Tuesday, November 20, 2007

'Imagine trying to pump up the people in Sacramento'

From the Wichita Eagle:

Bernie Markstein was happy to be in Wichita instead of on one of the coasts on Tuesday. Markstein, director of forecasting and senior economist for the National Association of Home Builders, was one of the experts who spoke during the Wichita Area Builders Association's 2008 economic forecast at the Wichita Marriott. "This is fun talking to you guys," he said. "Imagine trying to pump up the people in Sacramento."


Patient Renter said...

Go Wichita! I can see the flippers all heading out there right now...

sacramentia said...

I know what I'd say to the Sacramento crowd:

"At least you don't live in Wichita!"

Rob Dawg said...

Ah but Sacramento is home to Casey Serin. Wichita don't got one of them.

Gwynster said...
This comment has been removed by the author.
anon1137 said...

this is huge:

California lenders agree to freeze rates

Patient Renter said...

That is unprecedented, and highly unlikely to actually work. These companies may have initiated the loans or may be servicing them, but chances are they don't own them and really have no authority to mess with the rates. It'll be interesting to see what actually happens with this.

Nevertheless, even if it did "work", it still just delays the inevitable until the rates are unfrozen.

anon1137 said...

PR - The timing is suspicious to me. I wonder if it's an attempt to save the shopping season.

Patient Renter said...

I was just wondering to myself today what's to come of the shopping season, but I'd imagine big sweeping changes like this have come way to late to have any quick impact on consumer purchasing.

I have a feeling this will be a big story in the blogosphere tomorrow.

Sippn said...

Gwynster - my bad it was the one you like :)



Even Arnold was quoting the big "filings" number today.

"COUNTING FORECLOSURES: RealtyTrac acknowledges it isn't perfect but says its data offers comprehensiveness and context that other providers don't.

"Sunday, November 18, 2007
Tracking the truth on foreclosures
RealtyTrac's data is oft-cited by the media, but some question its accuracy.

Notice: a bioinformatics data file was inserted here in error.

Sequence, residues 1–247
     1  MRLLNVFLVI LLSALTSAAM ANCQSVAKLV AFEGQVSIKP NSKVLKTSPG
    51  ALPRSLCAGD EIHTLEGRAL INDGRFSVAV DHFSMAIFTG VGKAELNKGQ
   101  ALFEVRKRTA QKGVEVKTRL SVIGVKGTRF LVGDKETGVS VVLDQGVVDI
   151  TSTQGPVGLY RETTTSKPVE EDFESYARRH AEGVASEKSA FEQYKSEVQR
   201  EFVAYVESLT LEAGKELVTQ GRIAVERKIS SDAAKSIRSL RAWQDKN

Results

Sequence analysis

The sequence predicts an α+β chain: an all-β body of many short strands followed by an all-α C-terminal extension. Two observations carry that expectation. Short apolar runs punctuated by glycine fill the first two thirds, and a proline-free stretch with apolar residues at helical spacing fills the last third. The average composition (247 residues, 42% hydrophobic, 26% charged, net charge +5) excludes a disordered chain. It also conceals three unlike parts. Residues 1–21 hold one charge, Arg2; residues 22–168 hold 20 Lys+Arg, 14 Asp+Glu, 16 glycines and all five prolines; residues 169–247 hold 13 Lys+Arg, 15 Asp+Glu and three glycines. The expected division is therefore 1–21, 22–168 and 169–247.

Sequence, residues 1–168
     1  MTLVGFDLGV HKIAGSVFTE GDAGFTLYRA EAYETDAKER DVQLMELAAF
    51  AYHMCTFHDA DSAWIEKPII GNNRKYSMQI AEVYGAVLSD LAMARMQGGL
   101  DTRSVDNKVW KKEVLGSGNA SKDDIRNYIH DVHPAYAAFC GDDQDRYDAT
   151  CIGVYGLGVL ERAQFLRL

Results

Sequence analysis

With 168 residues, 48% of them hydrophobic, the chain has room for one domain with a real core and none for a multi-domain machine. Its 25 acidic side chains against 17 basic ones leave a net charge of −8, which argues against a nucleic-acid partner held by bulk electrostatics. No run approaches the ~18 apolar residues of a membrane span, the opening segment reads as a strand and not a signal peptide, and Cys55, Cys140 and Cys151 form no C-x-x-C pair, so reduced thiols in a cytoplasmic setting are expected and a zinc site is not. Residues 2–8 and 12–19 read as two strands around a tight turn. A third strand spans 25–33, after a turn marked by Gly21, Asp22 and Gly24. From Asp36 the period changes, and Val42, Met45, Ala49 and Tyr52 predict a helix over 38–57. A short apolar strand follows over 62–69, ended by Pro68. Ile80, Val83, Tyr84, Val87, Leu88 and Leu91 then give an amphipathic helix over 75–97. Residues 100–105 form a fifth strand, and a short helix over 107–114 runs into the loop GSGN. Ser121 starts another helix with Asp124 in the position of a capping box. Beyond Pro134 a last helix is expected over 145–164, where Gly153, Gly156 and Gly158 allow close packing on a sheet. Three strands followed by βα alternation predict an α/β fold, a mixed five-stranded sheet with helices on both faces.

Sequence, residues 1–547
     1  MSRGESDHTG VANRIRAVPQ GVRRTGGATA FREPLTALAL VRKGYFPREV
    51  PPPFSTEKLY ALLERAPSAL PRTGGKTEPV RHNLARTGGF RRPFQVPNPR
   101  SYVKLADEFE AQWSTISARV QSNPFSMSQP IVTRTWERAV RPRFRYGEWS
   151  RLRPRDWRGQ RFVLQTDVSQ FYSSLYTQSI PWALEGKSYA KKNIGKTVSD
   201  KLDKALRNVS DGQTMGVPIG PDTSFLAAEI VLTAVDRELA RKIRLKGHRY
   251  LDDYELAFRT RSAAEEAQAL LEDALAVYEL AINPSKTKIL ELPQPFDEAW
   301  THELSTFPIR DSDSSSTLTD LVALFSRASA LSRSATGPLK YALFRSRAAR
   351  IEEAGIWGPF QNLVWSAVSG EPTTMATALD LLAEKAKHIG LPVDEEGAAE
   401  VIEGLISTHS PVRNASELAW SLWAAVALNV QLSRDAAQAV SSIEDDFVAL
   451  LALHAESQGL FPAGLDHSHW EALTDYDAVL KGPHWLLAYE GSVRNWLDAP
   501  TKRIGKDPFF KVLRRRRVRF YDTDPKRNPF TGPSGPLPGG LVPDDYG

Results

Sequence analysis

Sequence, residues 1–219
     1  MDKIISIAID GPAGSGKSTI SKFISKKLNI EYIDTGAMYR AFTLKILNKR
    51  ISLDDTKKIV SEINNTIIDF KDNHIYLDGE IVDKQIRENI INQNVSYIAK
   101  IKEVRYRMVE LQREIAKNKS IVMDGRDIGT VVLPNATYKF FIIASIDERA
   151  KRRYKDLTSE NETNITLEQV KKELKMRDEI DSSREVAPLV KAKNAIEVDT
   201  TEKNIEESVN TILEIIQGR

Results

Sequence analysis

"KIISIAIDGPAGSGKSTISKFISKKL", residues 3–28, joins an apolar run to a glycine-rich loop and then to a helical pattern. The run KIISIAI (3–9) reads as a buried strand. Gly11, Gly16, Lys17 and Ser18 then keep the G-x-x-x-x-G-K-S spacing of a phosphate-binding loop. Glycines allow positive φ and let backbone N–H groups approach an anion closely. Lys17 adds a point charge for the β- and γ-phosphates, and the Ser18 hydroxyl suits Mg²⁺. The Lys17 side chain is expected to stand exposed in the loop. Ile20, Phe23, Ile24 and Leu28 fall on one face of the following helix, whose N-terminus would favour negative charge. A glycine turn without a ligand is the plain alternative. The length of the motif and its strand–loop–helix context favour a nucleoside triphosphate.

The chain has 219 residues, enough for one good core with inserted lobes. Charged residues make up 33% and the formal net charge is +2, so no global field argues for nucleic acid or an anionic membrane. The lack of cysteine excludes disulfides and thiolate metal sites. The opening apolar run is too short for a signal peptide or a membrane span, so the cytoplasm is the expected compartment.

The Orange County Register

"If ever there were a public relations success story, RealtyTrac is it.

"The Irvine-based firm's monthly news releases, chock-full of state-by-state foreclosure counts, are devoured by a national media ravenous for data on what many consider a developing crisis.

"For example, last year, RealtyTrac's data showed Colorado had the nation's highest foreclosure rate. That didn't sit well with state officials, who decided to do their own count of foreclosures and came up with a figure much smaller than RealtyTrac's.

"Since RealtyTrac began putting out the news releases in 2005, the number of unique visitors to its Web site has tripled to 3 million a month

"Figures that overstate problems in the housing market "become sort of a self-fulfilling prophecy in that people are afraid to go out and look for a home," Kyser said.

Somewhere in there it said that the rate in CA is about 20% of the "filings" number. Would that sell papers? Yes, but not as many.

lexi said...

It really doesn't matter if the
numbers of foreclosures are over
reported... housing is way overpriced and untill that changes
the housing market won't recover.
I think we're already in a recession but my guess is they don't want to report that, with the
holiday shopping season coming up.

Gwynster said...


my point was that you were bashing on Dataquik, not realtytrak. I can totally see you bashing RT. You had them switched.

You're getting a little edgy there... calm down and get yourself a drink Dude.

BMac said...

RE: recession

earlier this year, the Fed. Gov't *revised down* GDP growth numbers for like 2-3 years prior. I smelled a rat. This move was awesomely sneaky. Sentiment was super high when the *incorrect* GDP numbers were originally reported, but now that they've been revised downward, Q2,3&4 2007 GDP numbers would look better against the revised numbers so that sentiment could hold a little longer, buying time in the minds of the public, giving cover to all the bottom callers saying 'see, all this bad news and we're still growing' etc. Flim flam.

evlunclbud said...

I lived in Wichita for four years. It seemed like forty. Despite what's happening to our real estate, keep in mind that as in all other parts of life, you get what you pay for. What you would be paying for is a house in Kansas.